Words can’t describe the gratefulness in my heart as my internship is coming to an end. I was fortunate to be a part of the Sir John McGuckin Mentoring and Internship Program, and my gratitude goes to all the efforts that made it possible. Yesterday I celebrated my birthday in the United States of America, and I received a precious gift of love and memories – the wonderful family I made here at CCS gathered to sing me Happy Birthday. These timeless memories are the treasures of my heart.

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My Dream Came True

John BaderBy: John Bader (’13)
Major: Accounting
Minor: Business Administration
Internship: Catholic Charities of the Archdiocese of Chicago

John, Kathy, and Msgr. Boland

Bethlehem University intern John Bader with his supervisor, Mrs. Kathy Donahue (left), and Msgr. Michael M. Boland (right), President and CEO of Catholic Charities of the Archdiocese of Chicago

The United States is the dream of all Palestinian youth; when I first had the chance to go to the USA I didn’t hesitate for a second. This opportunity is very important to me to get to know different types of people, to learn different things about them. I learned a lot about the US, and I was able to visit many of the historical places and monuments in Washington DC, New York, and Illinois. At the beginning, we spent a few days in Washington DC, where we met a lot of people from Catholic Charities USA. During that first week of orientation, I really enjoyed visiting the Lincoln Memorial; Mount Vernon, George Washington’s house; and the White House. Those places are amazing, and I was very happy to see how Americans maintain and look after their historical places. After that, I flew to Illinois where I have had the wonderful opportunity to do my internship and stay with my wonderful host family.

John at Bishop Conway Residence

John at the Bishop Conway Residence for seniors

My experience has been amazing at Catholic Charities of the Archdiocese of Chicago. I have enjoyed every day there, and I have learned a lot from my supervisor, Ms. Kathy Donahue, who is the Senior Vice President of Program Development and Evaluation. She has shown me a lot of their projects and explained how these projects help the community. I feel that I have learned a lot from this short period of time at Catholic Charities. Personally I became more independent, I was able to understand the jobs that I was asked to do, and I was able to accomplish these tasks. I also met people from a lot of different cultures and was introduced to different ideas and traditions.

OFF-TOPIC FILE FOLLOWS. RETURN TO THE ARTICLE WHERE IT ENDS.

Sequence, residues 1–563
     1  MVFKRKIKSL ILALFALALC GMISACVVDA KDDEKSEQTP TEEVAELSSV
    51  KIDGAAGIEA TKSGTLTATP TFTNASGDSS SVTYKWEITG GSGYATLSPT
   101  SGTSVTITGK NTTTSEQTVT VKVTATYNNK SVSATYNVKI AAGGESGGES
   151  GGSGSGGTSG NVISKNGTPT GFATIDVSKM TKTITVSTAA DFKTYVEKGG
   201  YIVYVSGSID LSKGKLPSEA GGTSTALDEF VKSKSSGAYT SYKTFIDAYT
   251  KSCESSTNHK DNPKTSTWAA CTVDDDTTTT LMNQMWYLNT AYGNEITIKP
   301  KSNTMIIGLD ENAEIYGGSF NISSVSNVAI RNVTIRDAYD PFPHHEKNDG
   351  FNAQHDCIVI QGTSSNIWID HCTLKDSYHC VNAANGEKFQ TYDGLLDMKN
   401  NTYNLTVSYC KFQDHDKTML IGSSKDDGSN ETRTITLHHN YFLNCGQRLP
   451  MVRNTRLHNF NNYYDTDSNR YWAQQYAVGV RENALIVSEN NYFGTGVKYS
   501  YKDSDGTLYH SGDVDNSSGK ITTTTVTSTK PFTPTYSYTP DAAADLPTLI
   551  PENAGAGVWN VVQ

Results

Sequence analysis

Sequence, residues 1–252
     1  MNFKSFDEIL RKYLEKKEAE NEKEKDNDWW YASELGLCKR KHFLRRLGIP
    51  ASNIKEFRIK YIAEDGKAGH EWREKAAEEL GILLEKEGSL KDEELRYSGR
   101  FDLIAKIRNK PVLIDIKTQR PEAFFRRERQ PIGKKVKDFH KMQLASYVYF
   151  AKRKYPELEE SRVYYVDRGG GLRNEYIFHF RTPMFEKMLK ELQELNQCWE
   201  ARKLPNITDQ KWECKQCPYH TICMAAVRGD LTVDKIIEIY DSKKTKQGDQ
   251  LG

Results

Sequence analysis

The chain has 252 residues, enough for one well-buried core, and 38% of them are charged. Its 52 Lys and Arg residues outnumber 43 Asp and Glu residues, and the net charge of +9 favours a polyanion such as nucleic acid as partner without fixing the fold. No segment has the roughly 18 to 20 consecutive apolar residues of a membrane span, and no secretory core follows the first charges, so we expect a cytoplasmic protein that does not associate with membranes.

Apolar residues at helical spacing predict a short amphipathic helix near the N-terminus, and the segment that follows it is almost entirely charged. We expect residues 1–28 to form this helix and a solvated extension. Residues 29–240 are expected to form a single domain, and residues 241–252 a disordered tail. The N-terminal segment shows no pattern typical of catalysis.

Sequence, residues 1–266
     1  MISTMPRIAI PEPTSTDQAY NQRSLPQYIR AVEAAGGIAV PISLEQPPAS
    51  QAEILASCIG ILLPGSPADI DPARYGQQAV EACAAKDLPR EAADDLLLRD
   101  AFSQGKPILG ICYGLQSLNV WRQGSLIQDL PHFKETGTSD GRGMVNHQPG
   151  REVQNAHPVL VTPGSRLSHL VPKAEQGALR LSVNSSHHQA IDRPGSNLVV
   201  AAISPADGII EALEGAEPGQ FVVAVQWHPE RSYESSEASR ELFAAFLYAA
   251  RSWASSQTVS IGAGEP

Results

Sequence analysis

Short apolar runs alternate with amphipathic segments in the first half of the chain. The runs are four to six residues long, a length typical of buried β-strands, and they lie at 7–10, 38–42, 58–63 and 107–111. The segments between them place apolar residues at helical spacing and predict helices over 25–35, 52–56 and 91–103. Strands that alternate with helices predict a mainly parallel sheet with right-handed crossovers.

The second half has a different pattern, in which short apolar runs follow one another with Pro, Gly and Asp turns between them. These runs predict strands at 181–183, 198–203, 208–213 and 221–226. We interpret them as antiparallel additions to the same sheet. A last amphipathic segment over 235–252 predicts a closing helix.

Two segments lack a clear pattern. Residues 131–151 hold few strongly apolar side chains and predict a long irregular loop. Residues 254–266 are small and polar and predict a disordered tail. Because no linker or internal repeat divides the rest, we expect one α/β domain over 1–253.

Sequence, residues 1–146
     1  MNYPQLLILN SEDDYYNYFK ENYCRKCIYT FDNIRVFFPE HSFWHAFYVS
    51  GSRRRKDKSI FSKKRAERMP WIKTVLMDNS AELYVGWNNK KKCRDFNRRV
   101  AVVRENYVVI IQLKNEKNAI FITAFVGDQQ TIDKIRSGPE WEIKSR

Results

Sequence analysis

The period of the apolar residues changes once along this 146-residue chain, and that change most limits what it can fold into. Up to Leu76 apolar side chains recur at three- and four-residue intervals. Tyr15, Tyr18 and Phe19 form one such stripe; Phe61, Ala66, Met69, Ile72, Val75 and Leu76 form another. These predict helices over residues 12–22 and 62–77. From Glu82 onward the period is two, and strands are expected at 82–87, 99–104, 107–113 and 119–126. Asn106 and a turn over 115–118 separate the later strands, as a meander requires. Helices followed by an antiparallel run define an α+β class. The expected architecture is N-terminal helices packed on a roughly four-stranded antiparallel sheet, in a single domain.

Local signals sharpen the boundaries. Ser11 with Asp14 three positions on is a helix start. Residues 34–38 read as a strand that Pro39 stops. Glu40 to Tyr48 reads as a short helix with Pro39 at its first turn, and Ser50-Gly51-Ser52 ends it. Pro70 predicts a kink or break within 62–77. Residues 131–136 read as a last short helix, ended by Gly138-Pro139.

In addition, I visited some of the Catholic Charities institutes in Chicago, to learn more about them and their role in the local society: Ozanam Village, which is low-income senior housing, financed by the U.S. government and sponsored by Catholic Charities of the Archdiocese of Chicago; Bishop Conway Residence, which is affordable senior housing that has staff 24 hours a day, licensed nurses, and transportation assistance; and the Cordi-Marian Child Development Center, a day care center for children from 2-13 years old that provides education and develops physical and social abilities.

John child

John works with a child of refugees from Africa, while her parents attend the Refugees Job Club run by Catholic Charities of the Archdiocese of Chicago